UW HCDE 598 — Digital Fabrication Assignment 6: Molding and Casting — TriangLego

TL;DR: Milled something, created a mold of said something, casted copies of the something using the mold.

Lego pieces are amazing — unfortunately, there are no individual triangular pieces with three connectors, so it might be interesting to come up with an interpretation of what said piece would be like, to then mill it out of wax, and create plaster copies of it.

I started working on potential ways to create a triangular piece, so spent quite a bit of time on exploring the sizing starting with a regular 2x2 piece.

OnShape sketch for a 2x2 lego brick

Extruded sketch for a 2x2 lego brick

Trying to play with a triangle shape

Maybe I need to chop the triangle with a hexagon to make it a truncated hexagon

Experimenting with the connector placement

After struggling a bit with the possible ways to make this fit an actual lego set, I decided to explore the internet to see other approaches (I realized there would be zero ROI if I spent any longer working on my own implementation).

There was a great model that might probably not fit a Lego set, but aligned nicely to the ideas I was exploring and would be perfect for this assignment in SketchUp’s 3D Warehouse

After stealing downloading the SketchUp file, I converted to STL, and imported into Fusion 360.

STL for the triangular lego imported into Fusion 360

I started to play around with adding a stock directly in Fusion 360 that would represent the machinable wax

Model showing the lego inside to the machinable wax stock

I started simulating the process of milling the stock to get the part

Model showing the lego inside to the machinable wax stock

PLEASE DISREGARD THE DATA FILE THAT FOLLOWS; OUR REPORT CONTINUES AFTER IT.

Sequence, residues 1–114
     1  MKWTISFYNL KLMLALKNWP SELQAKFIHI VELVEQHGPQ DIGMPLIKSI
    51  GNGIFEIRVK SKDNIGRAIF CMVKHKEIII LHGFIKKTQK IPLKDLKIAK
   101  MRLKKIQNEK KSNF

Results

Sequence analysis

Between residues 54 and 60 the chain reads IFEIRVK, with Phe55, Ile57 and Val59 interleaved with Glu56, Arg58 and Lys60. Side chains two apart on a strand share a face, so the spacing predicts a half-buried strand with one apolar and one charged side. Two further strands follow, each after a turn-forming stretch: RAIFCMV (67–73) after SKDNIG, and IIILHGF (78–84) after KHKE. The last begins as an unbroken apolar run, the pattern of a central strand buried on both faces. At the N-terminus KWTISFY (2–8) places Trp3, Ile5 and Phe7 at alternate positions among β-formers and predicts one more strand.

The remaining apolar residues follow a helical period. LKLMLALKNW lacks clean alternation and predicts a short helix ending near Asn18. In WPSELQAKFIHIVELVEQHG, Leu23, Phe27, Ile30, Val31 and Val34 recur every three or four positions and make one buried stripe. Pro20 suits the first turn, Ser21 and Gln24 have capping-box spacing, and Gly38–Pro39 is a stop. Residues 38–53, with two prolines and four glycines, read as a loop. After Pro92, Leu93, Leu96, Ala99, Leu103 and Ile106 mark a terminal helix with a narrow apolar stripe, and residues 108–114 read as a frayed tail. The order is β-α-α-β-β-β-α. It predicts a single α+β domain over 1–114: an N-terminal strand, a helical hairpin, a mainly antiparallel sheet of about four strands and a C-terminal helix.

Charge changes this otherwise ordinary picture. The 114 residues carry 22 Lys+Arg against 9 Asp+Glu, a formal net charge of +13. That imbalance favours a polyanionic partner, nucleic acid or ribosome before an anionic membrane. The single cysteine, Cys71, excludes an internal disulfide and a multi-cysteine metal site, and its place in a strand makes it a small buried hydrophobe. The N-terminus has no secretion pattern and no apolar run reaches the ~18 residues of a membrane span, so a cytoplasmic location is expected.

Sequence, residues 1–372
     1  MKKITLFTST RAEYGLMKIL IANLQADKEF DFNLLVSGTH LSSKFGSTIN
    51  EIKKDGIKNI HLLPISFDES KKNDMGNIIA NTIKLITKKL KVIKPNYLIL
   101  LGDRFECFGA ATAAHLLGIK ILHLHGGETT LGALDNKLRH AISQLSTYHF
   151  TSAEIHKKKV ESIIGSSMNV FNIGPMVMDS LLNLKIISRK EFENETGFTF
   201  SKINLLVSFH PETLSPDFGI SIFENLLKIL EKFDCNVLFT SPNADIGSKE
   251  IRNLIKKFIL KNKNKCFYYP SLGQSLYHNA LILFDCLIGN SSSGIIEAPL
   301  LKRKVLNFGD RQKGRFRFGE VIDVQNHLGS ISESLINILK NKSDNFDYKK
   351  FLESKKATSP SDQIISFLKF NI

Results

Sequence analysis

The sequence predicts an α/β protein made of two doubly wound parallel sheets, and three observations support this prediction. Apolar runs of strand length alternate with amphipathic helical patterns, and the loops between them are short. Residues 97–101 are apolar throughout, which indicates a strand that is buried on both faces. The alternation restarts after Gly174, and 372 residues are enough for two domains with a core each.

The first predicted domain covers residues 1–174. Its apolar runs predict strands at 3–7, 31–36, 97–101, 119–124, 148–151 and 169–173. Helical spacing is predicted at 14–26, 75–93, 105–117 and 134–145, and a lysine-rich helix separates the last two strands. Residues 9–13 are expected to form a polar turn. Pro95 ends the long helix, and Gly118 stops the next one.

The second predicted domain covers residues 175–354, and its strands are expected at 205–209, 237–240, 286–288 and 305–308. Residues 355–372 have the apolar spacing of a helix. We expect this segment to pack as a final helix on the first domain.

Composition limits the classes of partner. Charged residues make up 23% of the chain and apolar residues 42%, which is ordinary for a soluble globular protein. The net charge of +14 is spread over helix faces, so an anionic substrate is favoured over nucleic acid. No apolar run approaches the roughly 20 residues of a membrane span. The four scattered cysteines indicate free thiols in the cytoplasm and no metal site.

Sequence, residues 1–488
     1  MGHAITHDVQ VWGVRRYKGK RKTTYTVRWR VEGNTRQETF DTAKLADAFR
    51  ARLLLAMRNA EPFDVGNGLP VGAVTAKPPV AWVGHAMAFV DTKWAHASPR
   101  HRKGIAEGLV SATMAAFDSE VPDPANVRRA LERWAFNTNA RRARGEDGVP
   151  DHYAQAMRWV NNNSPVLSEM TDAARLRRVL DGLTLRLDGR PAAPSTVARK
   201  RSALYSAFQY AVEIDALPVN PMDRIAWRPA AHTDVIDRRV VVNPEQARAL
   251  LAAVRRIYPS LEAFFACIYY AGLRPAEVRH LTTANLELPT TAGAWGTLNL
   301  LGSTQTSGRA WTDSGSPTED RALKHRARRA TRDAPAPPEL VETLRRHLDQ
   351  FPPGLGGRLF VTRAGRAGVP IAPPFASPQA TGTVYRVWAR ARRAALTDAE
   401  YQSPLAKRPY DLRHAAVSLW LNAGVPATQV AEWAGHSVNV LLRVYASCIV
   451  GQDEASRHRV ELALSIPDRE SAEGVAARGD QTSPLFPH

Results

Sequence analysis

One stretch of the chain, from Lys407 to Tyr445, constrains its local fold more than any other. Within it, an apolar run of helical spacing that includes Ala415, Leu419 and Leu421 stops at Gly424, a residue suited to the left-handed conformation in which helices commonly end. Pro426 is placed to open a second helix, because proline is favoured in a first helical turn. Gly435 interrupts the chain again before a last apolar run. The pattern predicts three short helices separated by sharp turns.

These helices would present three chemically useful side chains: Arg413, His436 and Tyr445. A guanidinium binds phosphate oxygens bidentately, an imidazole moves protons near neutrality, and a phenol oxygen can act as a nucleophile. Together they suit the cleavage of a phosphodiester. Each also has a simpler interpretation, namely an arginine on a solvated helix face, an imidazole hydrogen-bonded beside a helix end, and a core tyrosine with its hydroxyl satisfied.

https://malvenko.github.io/HCDE598SP19/A6-assets/A6_SIM.mp4

With the toolpaths ready, I exported to GCode

I then realized that the stock was unnecessarily huge, so I’d deal with it directly on Bantam Tools. I adjusted the stock to be slightly larger than the Lego object.

WAX TIME!

https://giphy.com/gifs/art-week-notyouraverage-j9ayvgTlphafe

At this point several things happened:

  1. I had to get machinable wax at the CoMotiuon space at UW.

In the time it took to mill other students’ projects, I had time to tweak the STL piece and place it inside a brick of wax to make it easier to create the mold (just pour the silicone mix, and done!).

A different perspective

Setting up the mill after gluing the wax to the wooden base

Checking the paths one last time before pressing go…

Milling underway!

https://malvenko.github.io/HCDE598SP19/A6-assets/A6_MILL.mp4

Post-milling result

Prepping up the OMOO to create a mold out of the milled wax

Pouring the OMOO on the mold nice and slow

https://malvenko.github.io/HCDE598SP19/A6-assets/A6_POUR.mp4

After the pour

Six hours (and a bit) later…

Later, I poured in some plaster of Paris into the mold

The first batch of pieces after being removed from the mold. They need to rest for 24 hours to cure properly.

Four pieces curing for 24 hours!

The final product!

Learnings/takeaways

  • Although milling is faster than 3D printing, it is quite consuming to deal with multiple file formats and programs.

Source files for the mold and pieces

Form + function = tech for humans. PM @Microsoft building the future of @Windows (fmr @Azure_Synapse , @MicrosoftDesign ). Nobody wins unless everybody wins.

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